The good news was that the Birkenstocks were on sale. I got the gray ones. They were hard the last few days. Like a new pet. Testing me. But they’ve begun to give just a little. I feel them settling in. Last weekend, I went to a party. A workshop party, a list-serv party. People were surprised to see me because I do not typically go to parties. I’ve been a ghost in Iowa City. There but not there. Anyway, I went out back behind this tiny house where some people had made a fire in the ground and were sitting around, talking. I was on the edge of them, couldn’t get close. It was the sort of scene you see sometimes in these late summer nights, a scene like one I wrote into my novel because I myself had experienced them when I lived in Madison. A night when you sit around in the casual ease of too much time and too much anticipation for the semester to begin and you burn wood but what you’re really burning is your old self. Or maybe that’s just me. Whenever I see a fire, I like to put things into it, and I imagine I am placing a part of myself I want to get rid of into the heart of the blaze. I used to burn things with my grandpa in the winter. He’d pry open the wood burning stove to put more logs in, and I’d throw paper into it. I’d write people’s names on it and throw them right in there and watch them turn gray and then to nothing before he put logs in.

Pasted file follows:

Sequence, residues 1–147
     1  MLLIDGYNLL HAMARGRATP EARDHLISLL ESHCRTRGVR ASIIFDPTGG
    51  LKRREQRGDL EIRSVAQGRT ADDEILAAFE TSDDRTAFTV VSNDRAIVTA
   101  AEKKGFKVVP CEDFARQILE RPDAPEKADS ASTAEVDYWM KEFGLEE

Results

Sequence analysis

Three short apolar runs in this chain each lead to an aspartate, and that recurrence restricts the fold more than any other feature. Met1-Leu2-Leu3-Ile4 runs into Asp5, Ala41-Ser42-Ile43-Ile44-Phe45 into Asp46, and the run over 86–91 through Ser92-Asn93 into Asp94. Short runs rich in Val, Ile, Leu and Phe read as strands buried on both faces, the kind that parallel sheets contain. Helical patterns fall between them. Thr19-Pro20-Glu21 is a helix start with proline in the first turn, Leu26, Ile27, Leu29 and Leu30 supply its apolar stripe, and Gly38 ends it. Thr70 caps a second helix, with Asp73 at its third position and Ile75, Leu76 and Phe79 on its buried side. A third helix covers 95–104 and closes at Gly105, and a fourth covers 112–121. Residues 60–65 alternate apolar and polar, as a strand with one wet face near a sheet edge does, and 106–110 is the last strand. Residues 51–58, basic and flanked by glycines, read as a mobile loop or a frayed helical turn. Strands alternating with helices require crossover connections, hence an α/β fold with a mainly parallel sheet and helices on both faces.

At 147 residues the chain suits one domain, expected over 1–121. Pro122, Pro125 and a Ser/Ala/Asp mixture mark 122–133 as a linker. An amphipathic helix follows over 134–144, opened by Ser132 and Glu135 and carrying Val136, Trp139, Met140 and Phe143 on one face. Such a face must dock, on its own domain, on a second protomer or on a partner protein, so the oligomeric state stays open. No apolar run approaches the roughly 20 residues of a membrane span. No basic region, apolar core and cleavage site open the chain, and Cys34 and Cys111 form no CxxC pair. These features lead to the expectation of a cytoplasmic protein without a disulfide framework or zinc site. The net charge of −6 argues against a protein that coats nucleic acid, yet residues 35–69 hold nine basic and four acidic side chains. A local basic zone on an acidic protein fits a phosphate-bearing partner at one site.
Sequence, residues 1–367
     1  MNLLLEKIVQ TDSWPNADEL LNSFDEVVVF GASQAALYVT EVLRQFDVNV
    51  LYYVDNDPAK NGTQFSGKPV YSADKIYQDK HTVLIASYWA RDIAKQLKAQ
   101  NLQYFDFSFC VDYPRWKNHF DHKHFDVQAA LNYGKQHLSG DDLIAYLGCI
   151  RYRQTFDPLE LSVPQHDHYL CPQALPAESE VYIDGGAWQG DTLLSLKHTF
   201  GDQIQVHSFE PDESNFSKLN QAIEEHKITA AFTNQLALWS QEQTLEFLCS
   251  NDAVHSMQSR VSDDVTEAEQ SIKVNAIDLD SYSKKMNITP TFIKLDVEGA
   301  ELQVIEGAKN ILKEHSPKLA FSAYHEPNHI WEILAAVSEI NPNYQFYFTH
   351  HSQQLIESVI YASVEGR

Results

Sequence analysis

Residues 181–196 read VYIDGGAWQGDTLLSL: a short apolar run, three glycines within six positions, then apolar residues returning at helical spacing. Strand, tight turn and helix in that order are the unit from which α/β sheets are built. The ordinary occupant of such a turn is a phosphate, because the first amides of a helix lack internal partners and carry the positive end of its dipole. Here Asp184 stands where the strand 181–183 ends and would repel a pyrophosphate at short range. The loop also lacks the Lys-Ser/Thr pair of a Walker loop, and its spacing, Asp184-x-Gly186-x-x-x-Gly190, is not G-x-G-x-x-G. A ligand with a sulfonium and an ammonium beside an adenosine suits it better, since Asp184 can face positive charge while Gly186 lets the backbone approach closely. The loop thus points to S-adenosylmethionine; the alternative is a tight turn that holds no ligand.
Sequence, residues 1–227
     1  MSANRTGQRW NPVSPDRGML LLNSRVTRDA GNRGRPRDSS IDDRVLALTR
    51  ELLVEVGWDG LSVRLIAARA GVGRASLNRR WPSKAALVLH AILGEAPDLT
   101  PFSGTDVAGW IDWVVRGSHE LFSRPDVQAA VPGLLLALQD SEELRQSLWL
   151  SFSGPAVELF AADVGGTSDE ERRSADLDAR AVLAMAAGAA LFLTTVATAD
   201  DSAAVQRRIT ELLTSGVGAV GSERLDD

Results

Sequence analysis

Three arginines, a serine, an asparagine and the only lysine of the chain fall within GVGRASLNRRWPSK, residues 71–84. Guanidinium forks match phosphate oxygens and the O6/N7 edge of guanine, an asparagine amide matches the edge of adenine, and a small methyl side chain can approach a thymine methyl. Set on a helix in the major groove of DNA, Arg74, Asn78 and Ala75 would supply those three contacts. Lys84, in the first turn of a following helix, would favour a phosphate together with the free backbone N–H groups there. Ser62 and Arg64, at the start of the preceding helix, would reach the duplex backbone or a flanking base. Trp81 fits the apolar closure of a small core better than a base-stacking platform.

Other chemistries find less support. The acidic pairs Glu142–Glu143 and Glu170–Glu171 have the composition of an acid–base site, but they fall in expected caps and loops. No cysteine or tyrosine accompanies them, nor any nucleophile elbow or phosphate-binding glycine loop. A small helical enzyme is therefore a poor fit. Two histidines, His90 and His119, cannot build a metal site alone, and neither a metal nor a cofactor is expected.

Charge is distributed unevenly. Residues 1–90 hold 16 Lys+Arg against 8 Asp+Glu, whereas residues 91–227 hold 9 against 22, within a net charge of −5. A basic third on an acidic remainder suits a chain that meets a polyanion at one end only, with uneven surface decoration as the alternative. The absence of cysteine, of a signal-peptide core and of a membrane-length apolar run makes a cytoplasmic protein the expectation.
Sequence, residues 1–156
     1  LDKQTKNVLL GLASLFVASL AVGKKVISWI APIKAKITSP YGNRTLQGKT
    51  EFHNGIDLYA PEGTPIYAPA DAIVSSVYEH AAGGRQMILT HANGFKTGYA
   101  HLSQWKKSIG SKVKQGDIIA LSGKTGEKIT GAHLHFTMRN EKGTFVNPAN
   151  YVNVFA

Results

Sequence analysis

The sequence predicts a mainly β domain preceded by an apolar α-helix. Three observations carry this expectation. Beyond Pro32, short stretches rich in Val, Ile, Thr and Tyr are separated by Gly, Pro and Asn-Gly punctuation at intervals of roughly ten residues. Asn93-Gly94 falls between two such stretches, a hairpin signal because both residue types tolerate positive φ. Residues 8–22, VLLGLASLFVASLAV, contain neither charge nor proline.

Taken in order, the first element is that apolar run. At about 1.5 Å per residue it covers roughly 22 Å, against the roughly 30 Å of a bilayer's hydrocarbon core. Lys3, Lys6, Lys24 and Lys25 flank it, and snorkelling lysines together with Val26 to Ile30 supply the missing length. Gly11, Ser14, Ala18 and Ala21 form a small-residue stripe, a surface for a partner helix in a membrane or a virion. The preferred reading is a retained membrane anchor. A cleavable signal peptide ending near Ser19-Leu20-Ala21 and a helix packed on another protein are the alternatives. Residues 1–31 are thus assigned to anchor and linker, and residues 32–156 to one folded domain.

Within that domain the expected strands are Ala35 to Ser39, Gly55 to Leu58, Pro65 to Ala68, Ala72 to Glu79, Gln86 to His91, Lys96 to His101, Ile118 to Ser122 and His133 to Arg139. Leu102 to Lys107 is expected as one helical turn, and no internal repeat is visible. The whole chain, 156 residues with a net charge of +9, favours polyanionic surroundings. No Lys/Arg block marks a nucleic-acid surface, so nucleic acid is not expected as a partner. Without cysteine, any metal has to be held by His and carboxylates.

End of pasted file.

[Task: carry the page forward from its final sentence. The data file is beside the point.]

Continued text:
In Alabama, in the country, we burn our trash in barrels. Everything goes in, all the trash. Sometimes, the men do it for warmth while they drink cheap vodka that rots their insides. Sometimes, it’s the only way to get warm outside and they have no desire to go inside. Sometimes when I think about campfires as this cultural signal of recreation, of good times, of affluence, of freedom for the constraints of life, I think about those barrels in Alabama. And how sometimes, the men would pick up raccoon skulls and toss them in, and up would shoot a strip of orange stars, curling into the night like a wish nobody could hear.
I think of Birkenstocks as perfect autumn shoes. You put on some thick-ish socks and you slide and clomp around in the crisp air like a new person. People see your Birks and they think they know something about you. It tells them something. It lets them know that you are tuned to the signal pulsing through the air, the one that lets all of the people with good lives and good homes know what they should wear and what they should do. At the campfire, I stood there moving my mouth and talking, but secretly thinking I do not belong here. I should leave. Wanting to leave.
It’s been a bad couple of days. But I am getting better. How are you?